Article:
It’s no secret that the advent of legalized medical (and in several states recreational) cannabis has opened the door to a now-booming market. Tens of thousands of cannabis businesses have cropped up across the United States, and given that the global cannabis market is projected to grow beyond $89 billion by 2024, more are sure to follow.
However, with every business boom comes a set of unique challenges, and in the case of cannabis, security is a chief concern. Unlike most industries, cannabis business owners must demonstrate that they are prepared to comply with security regulations before their license application can even be approved.
A Heavily Regulated Industry
For experienced dispensary owners in Colorado, where cannabis has been legal for over half a decade, this is nothing new. But in states like Illinois or Missouri, where recreational legalization is either newly in place or just around the corner, would-be business owners may be surprised at the amount of security regulations.
Because the industry is in its infancy, regulations are still being refined and can vary by state or municipality. With that being said, several things are required of any marijuana business. Intrusion detection (motion sensors, door/window contact sensors) is a must, as dispensaries are a frequent target for after-hours burglaries. Access control for restricted areas is also essential, whether achieved using keycards or biometric scans. Additionally, regulations mandate manual silent alarms in multiple areas that notify authorities of security breaches.
Video surveillance is required in a variety of areas, including:
- Entrances and exits of the facility and restricted areas, including windows
- The perimeter of the facility, and any external grow areas
- Point-of-sale locations
- Vaults and safes
- Any area in which marijuana is handled in any capacity, usually from at least two angles
In addition, surveillance footage must be backed up and stored in a secure location for a set amount of time, usually between 45-90 days depending on the city or state.
Letter of the Law?
Needless to say, the regulations alone are complicated, but due to the novelty of the industry, there isn’t much established precedent regarding how the rules will be interpreted and enforced. For instance, is it acceptable to use a multi-view, 360° or fisheye camera in place of several single-sensor cameras? The idea makes sense on the surface; fewer cameras means less infrastructure and lower operating costs, while the cameras’ wide-angle, uninterrupted views should provide even better overall coverage.
Unfortunately, when it comes to this and many other similar questions, the jury is still out. Policies are left open to the interpretation of the individuals enforcing them, with unpredictable results. Fortunately, the landscape of the industry is likely to become increasingly tech friendly as it matures. In the meantime, it is best for business owners and their technology providers to be in close contact with regulatory authorities to make sure standards are met.
The Security Challenges of Cash
Since cannabis is not yet legal at the federal level, most banks will not do business with dispensaries or even ancillary marijuana companies that serve them. As a result, dispensaries are run almost exclusively as cash businesses.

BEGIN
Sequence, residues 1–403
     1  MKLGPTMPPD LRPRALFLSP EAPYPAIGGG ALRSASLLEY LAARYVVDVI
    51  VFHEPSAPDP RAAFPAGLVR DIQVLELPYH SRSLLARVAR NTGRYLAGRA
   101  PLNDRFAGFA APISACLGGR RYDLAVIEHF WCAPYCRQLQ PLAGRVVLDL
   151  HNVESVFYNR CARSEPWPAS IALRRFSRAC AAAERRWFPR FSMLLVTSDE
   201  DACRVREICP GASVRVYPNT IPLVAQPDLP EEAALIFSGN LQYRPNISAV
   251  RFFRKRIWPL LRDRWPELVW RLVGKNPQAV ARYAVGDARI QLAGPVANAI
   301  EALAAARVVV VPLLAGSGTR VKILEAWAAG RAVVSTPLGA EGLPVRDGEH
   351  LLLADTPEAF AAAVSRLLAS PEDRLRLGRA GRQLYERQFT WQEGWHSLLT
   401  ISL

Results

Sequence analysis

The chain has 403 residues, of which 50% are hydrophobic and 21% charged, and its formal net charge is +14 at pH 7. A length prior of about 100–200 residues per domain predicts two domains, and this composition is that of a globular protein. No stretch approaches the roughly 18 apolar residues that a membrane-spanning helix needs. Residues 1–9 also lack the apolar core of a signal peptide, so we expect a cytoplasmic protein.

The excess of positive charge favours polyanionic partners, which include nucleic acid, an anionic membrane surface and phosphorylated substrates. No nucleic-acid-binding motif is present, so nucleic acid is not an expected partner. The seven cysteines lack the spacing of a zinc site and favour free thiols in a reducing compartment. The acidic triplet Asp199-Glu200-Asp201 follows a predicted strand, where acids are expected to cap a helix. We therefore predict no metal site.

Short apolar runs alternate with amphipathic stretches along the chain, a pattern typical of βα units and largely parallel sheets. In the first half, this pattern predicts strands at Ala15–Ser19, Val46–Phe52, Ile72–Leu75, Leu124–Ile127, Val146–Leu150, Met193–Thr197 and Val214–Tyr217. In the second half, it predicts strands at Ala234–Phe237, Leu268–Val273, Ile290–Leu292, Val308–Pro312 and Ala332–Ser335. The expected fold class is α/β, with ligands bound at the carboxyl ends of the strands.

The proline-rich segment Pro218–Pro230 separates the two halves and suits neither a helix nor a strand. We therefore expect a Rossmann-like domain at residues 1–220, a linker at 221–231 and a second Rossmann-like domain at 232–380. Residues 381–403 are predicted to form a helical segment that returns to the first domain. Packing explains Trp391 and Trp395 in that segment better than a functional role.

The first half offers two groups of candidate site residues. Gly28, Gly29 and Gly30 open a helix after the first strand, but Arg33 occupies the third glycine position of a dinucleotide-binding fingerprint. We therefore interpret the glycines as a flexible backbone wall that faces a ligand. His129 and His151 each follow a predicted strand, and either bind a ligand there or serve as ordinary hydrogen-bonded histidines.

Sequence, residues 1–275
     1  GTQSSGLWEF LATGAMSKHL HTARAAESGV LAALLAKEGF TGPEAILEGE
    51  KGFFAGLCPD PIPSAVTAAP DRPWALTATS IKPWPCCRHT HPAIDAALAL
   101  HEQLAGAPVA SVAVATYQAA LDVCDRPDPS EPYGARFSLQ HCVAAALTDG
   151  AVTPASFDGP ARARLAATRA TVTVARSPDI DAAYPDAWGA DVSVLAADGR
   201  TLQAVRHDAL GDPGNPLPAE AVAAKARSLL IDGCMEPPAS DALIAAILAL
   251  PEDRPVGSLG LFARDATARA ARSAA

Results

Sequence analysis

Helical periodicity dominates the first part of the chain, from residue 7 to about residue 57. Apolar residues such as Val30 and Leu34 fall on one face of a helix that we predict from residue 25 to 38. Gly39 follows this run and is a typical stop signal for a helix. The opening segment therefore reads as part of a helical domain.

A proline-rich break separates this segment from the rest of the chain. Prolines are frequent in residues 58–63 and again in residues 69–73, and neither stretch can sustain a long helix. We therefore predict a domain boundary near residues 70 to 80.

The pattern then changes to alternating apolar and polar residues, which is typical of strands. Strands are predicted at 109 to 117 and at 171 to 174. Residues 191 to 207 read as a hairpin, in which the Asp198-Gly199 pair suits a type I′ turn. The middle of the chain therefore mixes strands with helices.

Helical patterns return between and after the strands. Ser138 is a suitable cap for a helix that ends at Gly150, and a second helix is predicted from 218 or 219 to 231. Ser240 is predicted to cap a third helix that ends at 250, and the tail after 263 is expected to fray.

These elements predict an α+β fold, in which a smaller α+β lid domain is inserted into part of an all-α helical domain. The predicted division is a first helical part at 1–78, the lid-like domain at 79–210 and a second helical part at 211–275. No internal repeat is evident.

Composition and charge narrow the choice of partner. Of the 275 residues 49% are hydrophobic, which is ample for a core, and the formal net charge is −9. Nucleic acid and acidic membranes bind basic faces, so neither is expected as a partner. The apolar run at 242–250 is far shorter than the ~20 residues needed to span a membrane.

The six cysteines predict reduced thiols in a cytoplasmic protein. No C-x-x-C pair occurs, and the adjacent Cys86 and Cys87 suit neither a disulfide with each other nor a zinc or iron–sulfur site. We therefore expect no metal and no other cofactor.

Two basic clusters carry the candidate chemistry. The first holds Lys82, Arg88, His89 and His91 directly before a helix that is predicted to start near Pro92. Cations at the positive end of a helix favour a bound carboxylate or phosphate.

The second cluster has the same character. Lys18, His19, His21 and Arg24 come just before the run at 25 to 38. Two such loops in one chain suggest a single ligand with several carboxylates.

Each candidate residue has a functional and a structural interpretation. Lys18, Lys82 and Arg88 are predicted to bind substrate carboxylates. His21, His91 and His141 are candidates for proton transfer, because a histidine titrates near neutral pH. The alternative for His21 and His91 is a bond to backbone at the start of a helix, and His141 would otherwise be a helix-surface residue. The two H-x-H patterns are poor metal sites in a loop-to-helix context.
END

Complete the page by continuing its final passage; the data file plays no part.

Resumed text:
Eventually, these issues are likely to subside, as federal legislation has been introduced to ease restrictions on banks working with the cannabis industry. For now, the combination of the all-cash business model and high-risk product makes proper security even more vital.
Owners should consider deploying extra cameras to capture additional angles at point-of-sale stations and anywhere cash will be handled. In addition, software integrations can merge surveillance footage with point-of-sale data to identify fraudulent behavior. This prevents employees from deliberately overcharging customers or pocketing cash undetected.
Cannabis Security: One Step Ahead
Given that cannabis is a booming industry and criminals are increasingly sophisticated, owners would do well to go the extra mile to secure their businesses. Ultra-low light and infrared cameras can be crucial in securing low light environments like cash/server rooms and grow areas. Analytics-equipped surveillance systems can help flag individuals engaging in suspicious behavior through facial recognition technology, as well as reliably identify vehicles and license plate numbers.
Some owners opt for customizable remote guarding services, which assure their businesses are never unattended. During off-hours, if surveillance cameras detect any unusual activity, a live security agent is automatically alerted. The agent then reviews the footage and assesses the disturbance. If the agent identifies a criminal threat, they intervene, verbally warning the intruder over powerful speakers. This verbal intervention succeeds in neutralizing the threat the vast majority of the time. Regardless, information about the incident is relayed to law enforcement, so that they can respond and apprehend suspects if necessary.
No matter the industry, the key to security is staying one step ahead. Business owners know security is vital, but with so many other pressing concerns to keep track of, prioritizing can be difficult. Even keeping up with the industry standard is challenging, let alone going above and beyond. This is why it is crucial for every cannabis business to have a trusted technology partner who assists them not only with security, but across an entire spectrum of technological needs. When it comes to protecting product, profits, and most importantly people, everyone could use a helping hand.